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People v. Lewis

ILLINOIS APPELLATE COURT — THIRD DISTRICT


OCTOBER 25, 1973.

THE PEOPLE OF THE STATE OF ILLINOIS, PLAINTIFF-APPELLEE,

v.

MICHAEL LEWIS, DEFENDANT-APPELLANT.

APPEAL from the Circuit Court of Will County; the Hon. MICHAEL A. ORENIC, Judge, presiding.

MR. PRESIDING JUSTICE ALLOY DELIVERED THE OPINION OF THE COURT:

Defendant Michael Lewis appeals from a judgment of the Circuit Court of Will County revoking his probation and thereafter sentencing him to a term of two to five years in the Illinois State Penitentiary (on a charge of burglary to which he had previously pleaded guilty).

The record discloses that Michael Lewis was placed on four years probation for burglary in Will County. After his flight to avoid arrest to the state of California, warrants for his arrest were sent to that state, but on September 17, 1971, he was arrested in Will County. A petition was filed to revoke his probation charging him with two counts of burglary. This petition was amended by a subsequent petition on October 22, 1971, charging him with two additional counts of burglary. On November 30, 1971, defendant admitted to the violation of probation specifically admitting the details of charges in two counts of burglary. The court was advised by the Public Defender who represented defendant, that defendant wishes to admit the violations of his probation with respect to Counts I and II. The court then interrogated the defendant as follows:

"THE COURT: All right. Mr. Lewis, you heard what your lawyer said?

MR. LEWIS: Yes, sir.

THE COURT: And do you admit the violating in Count I which says you burglarized the residence of LaVerne Shure and Esther Shure at 1214 Highland Avenue?

MR. LEWIS: Yes, sir.

THE COURT: And the petition says that in Count II you burglarized a garage building of James Policandriote at 308 Railroad Street, City of Joliet, Will County, Illinois. And do you admit that violation?

MR. LEWIS: Yes, sir, I do.

THE COURT: And has your lawyer explained to you that by admitting the violation of the order of probation you make it possible for the Court to revoke probation and sentence you to the Penitentiary on the original charge?

MR. LEWIS: Yes, Your Honor.

THE COURT: You understand that?

MR. LEWIS: Yes, Your Honor.

THE COURT: You still want to admit Counts I and II?

MR. LEWIS: Yes, Your Honor.

THE COURT: All right. Let the record show that the defendant was advised of the consequences of his admission of guilt as to Counts I and II of the petition and the same was accepted by the Court."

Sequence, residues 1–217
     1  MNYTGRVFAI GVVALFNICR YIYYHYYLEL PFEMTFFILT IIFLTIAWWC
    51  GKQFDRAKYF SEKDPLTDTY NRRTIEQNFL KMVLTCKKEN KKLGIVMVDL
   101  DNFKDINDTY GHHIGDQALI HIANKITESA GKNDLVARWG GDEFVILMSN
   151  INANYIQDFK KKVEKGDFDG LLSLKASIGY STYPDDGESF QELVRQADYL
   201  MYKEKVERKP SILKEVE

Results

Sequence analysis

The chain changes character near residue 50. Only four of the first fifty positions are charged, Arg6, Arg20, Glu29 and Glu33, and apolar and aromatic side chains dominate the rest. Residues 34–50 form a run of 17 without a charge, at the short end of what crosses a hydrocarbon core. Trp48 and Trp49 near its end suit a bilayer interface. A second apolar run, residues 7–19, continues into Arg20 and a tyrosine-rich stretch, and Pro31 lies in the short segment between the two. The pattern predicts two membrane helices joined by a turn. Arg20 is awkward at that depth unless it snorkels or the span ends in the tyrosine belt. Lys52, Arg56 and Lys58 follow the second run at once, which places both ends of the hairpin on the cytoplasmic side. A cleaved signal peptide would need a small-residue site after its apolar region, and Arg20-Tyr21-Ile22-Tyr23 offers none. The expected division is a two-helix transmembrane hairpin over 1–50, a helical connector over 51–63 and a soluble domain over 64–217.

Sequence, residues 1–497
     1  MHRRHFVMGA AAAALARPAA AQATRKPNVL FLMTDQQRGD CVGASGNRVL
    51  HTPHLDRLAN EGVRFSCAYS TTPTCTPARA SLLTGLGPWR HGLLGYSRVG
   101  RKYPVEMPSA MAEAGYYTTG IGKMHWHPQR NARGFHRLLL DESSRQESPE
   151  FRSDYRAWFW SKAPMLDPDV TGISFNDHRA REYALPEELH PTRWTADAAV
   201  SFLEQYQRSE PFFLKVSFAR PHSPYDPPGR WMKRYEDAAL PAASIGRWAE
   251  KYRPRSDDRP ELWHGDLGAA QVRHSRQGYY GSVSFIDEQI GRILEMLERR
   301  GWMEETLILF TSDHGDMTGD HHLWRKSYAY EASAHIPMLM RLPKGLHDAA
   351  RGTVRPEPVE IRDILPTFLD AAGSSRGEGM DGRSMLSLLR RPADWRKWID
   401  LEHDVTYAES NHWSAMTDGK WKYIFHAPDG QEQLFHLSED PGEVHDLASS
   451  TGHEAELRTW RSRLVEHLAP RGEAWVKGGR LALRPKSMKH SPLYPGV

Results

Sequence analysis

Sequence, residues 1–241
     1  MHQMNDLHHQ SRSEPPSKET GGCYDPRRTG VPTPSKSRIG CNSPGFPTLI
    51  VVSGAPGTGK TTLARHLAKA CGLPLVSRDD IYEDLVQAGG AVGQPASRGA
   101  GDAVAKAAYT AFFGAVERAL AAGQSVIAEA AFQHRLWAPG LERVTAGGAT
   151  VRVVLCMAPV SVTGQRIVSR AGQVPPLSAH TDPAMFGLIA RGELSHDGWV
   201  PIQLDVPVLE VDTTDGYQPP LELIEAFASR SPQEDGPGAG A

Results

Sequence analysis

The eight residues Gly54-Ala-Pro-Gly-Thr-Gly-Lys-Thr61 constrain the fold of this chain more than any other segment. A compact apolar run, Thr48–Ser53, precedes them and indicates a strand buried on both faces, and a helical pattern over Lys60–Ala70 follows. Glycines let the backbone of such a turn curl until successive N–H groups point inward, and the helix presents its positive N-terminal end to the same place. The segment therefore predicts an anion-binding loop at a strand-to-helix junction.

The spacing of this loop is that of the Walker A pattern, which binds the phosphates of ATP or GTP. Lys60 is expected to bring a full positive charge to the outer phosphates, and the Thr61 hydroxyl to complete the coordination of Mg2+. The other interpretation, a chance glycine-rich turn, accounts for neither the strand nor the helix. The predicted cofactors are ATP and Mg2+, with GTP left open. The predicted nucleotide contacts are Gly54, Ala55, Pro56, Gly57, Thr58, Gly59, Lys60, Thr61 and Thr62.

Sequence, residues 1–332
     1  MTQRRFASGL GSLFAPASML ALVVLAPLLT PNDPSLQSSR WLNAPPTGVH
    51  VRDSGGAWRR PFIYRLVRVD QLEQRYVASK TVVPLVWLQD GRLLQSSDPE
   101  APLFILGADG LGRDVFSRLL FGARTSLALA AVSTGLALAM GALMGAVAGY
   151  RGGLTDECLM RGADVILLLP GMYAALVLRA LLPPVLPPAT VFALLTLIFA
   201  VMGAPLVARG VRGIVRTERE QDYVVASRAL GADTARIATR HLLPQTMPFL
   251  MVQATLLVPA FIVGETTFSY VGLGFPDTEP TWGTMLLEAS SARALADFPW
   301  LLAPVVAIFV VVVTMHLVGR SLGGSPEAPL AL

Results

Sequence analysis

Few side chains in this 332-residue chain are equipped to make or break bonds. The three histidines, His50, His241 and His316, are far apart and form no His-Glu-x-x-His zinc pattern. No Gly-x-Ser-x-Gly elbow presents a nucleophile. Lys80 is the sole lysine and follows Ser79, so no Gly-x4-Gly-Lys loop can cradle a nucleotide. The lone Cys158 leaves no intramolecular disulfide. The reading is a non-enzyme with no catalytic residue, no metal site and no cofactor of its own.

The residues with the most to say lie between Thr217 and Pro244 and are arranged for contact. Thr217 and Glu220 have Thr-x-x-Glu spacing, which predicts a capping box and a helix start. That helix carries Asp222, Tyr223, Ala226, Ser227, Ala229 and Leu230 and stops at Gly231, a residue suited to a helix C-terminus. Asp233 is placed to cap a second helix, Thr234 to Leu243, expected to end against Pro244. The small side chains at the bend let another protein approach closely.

As a consequence, defendant Lewis was found in violation of the order of probation as to Counts I and II. A further hearing was held on Counts III and IV of the petition at which time the court adjudged the defendant not guilty as to the additional charges. Following a hearing in aggravation and mitigation, the court took the cause under advisement and thereafter terminated the probation order and sentenced defendant for the original burglary conviction to a term of not less than two years nor more than five years. Defendant's offer to admit his guilt as to Counts I and II came 60 days after the petition for revocation of probation had been filed. Defendant was represented by counsel throughout.

It is now contended on appeal that (1) the trial court failed to sufficiently admonish defendant prior to acceptance of his admission to the charge constituting a violation of his probation and that he was thereby denied due process of law; (2) that defendant's sentence pursuant to the Unified Code of Corrections is excessive; and (3) that defendant should be given credit against his term of imprisonment for the time served on probation. It was disclosed that defendant is now at liberty on parole.

The appellant asserts that under the case of People v. Pier, 51 Ill.2d 96, 281 N.E.2d 289, the trial court was required to substantially follow Supreme Court Rule 402 in the probation revocation proceeding. The appellant quotes from the Pier case in 51 Ill.2d at 100, where the court says:

"Justice demands that he also be entitled to the protection of the same due-process requirements which pertain to pleas of guilty when he waives his right to a judicial determination of the charge that he violated his probation and confesses or admits the charges of the revocation petition."

Appellant also cites People v. Watkins, 10 Ill. App.3d 875, 295 N.E.2d 546, where the appellate court, apparently relying on People v. Pier, found that the record failed to demonstrate that the requirements of such case or Rule 402 have been satisfied, and reversed and remanded a case involving a probation revocation.

Appellee contends that the case of People v. Pier, by its terms, should be limited to situations where a guilty plea to a criminal charge is entered in reliance on an unfulfilled promise by the State's Attorney, so that a guilty plea to a violation of the conditions of probation at a hearing to revoke probation, entered in reliance on such unfulfilled promise of the State's Attorney is not deemed voluntary. Similarly, appellee contends that People v. Watkins, referred to heretofore, improperly extended the language of Pier to interpret such language as requiring compliance with Supreme Court Rule 402 in revocation of probation proceedings. It is contended that the due process requirements which pertain to pleas of guilty referred to in People v. Pier, is dicta which should not be taken out of context and applied literally. It is argued specifically that the court did not intend to eliminate the distinction between a plea of guilty in a revocation proceeding and a plea of guilty to a criminal charge. The Pier opinion, in fact, confirmed that a hearing on a probation violation does not require a jury trial (which is one of the required elements in the Rule 402 admonition). It is also pointed out that the degree of proof required to find a defendant guilty of a criminal charge is "beyond all reasonable doubt", whereas the degree of proof required to find a defendant in violation of probation is simply by a preponderance of the evidence (People v. Henderson, 2 Ill. App.3d 401, 276 N.E.2d 372). It is likewise apparent that there is no mention in Rule 402 that it applies to admissions to violations of probation. Rule 402 rather, is specifically designed to apply to guilty pleas to criminal charges. It is pointed out that the construction contended for by defendant in this case might lead to absurd results as, for example, that the trial court would be required to define the "offense" when probation was being revoked for probationer's failure to report to the probation officer. It is argued that such results, clearly, were never intended.